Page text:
Aowyn’s gaze rested not on her brothers, nor the king, or the queen mother. It transfixed upon the handmaiden, Ciatlllait, standing by the queen. Ciatlllait’s mouth twisted at the corner almost imperceptibly. Her hair grew more golden than the broom; her unblemished skin akin to summer cream. Her eyes glittered like the sea. But something abided in her that got under nearly-14-year-old Aowyn’s freckled skin. Something she couldn’t put her finger on. Ciatlllait clasped her hands together and bowed her head as the king spoke.
“Children,” he said, focusing on his wife, “your mother is ill.”
Aowyn snapped to attention.
She squinted at her placid mother. She didn’t seem ill.
Apparently her brothers thought the same. Aowyn’s eldest brother, Crown Prince Áodhán an Choróin, named Choróin for short, voiced what they were all thinking. “What do you mean ill, Father? Mother is here. She is fine.”
Sulwen leaned her dark head against the throne and swallowed. Her lips parted dryly. “Alas, I am not. I am dying.”
Aowyn found little Stór’s hand suddenly in hers. Tears welled in his bi-colored eyes. “You cannot die. You are our mother.”
Sulwen raised her hand, languishing. “All seasons must end, my beloved. My winter is coming.”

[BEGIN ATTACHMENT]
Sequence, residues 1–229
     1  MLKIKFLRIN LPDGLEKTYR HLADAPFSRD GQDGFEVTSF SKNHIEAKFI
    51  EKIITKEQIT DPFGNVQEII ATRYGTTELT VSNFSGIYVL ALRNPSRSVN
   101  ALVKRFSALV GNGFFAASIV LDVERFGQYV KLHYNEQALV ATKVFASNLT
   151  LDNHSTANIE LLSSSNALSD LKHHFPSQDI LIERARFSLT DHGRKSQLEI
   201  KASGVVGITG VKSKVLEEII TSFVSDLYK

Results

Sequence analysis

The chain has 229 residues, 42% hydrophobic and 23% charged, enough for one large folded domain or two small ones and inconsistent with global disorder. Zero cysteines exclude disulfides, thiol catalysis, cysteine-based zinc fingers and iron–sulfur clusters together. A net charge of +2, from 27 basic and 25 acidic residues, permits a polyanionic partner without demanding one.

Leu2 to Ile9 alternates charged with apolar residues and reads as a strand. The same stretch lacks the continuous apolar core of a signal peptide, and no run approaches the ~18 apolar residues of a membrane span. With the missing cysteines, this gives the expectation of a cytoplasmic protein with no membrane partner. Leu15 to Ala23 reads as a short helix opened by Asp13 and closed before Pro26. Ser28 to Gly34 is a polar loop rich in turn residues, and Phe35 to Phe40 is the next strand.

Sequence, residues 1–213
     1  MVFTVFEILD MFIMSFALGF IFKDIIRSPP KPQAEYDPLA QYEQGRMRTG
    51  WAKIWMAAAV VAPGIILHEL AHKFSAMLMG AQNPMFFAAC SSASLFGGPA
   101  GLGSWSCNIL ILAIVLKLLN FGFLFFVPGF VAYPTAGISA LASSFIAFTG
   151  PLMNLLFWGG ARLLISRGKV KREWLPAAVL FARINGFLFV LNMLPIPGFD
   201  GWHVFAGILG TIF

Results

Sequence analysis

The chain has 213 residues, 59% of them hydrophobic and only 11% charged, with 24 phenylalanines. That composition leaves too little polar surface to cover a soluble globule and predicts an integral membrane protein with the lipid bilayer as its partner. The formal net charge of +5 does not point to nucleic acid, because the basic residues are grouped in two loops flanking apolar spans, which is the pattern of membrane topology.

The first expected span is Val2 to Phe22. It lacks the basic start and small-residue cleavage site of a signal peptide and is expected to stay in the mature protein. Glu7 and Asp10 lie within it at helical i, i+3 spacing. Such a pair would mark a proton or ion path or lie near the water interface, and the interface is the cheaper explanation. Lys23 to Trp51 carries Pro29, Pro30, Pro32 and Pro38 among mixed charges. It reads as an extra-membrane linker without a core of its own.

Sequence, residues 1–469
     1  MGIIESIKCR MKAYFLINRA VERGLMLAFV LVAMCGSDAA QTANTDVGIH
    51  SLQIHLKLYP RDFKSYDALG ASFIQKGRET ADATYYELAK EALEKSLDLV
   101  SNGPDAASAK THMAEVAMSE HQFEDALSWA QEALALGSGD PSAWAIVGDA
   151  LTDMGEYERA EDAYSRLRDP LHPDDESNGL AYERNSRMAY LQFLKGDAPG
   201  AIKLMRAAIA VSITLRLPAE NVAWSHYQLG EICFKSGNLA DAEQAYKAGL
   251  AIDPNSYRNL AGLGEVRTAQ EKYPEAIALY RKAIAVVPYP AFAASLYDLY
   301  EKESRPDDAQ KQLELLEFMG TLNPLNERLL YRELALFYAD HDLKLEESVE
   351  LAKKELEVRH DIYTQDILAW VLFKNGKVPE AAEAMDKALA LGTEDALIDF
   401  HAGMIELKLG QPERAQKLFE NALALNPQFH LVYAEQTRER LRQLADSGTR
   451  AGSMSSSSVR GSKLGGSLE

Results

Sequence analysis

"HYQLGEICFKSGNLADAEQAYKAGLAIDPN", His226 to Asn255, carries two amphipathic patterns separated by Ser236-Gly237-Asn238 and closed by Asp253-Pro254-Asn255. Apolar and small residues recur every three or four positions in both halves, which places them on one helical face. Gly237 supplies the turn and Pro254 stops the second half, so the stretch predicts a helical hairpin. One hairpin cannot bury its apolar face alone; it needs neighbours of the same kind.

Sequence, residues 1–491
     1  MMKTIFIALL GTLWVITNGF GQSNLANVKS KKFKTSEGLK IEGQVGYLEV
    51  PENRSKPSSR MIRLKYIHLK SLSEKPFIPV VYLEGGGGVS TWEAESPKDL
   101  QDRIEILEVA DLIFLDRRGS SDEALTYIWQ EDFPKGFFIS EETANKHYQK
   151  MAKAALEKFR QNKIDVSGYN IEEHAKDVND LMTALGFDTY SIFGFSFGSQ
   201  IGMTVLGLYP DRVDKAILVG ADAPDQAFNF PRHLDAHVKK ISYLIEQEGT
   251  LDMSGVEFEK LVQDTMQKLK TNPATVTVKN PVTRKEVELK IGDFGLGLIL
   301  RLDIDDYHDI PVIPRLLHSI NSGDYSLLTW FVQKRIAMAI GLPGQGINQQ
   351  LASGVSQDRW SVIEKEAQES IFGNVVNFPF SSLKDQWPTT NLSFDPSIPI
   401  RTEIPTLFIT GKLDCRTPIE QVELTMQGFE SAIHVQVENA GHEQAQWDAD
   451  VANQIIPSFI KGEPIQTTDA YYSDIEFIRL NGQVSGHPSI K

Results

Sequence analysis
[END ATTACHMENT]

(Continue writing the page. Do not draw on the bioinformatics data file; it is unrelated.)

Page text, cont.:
Aowyn’s chest tightened and ached. Her gaze drifted to Ciatlllait as Rógaire Aohearn, twin to Lorgaire Aodan, implored, “But how? And why?”
Aowyn saw Ciatlllait’s nearly imperceptible smile grow. Aowyn’s eyes narrowed.
Sulwen lost consciousness. Aowyn’s brothers and her father rushed to the queen. Ciatlllait raised her head, and Aowyn knew the woman feigned concern. Aowyn clenched her fists and marched over to her family. She placed herself between her brothers and Ciatlllait. Choróin, Aodh Caoin Croí, Lorgaire and Rógaire bore their mother away to her chambers. Aowyn glowered at Ciatlllait as the handmaiden followed after her mistress. Aogán Eagnaí, Aowyn’s closest brother, stepped to Aowyn’s side and watched Ciatlllait leave.
Aowyn made a fist and ground her thumb against her fingers. A crease strained her brow.
Eagnaí regarded his younger sister. “I don’t trust her.”
Aowyn glanced at him. “That makes two of us.” She studied her 15-year-old brother. Eagnaí was fairer than his brothers. He had the same amber eyes, but his hair was more ginger than red.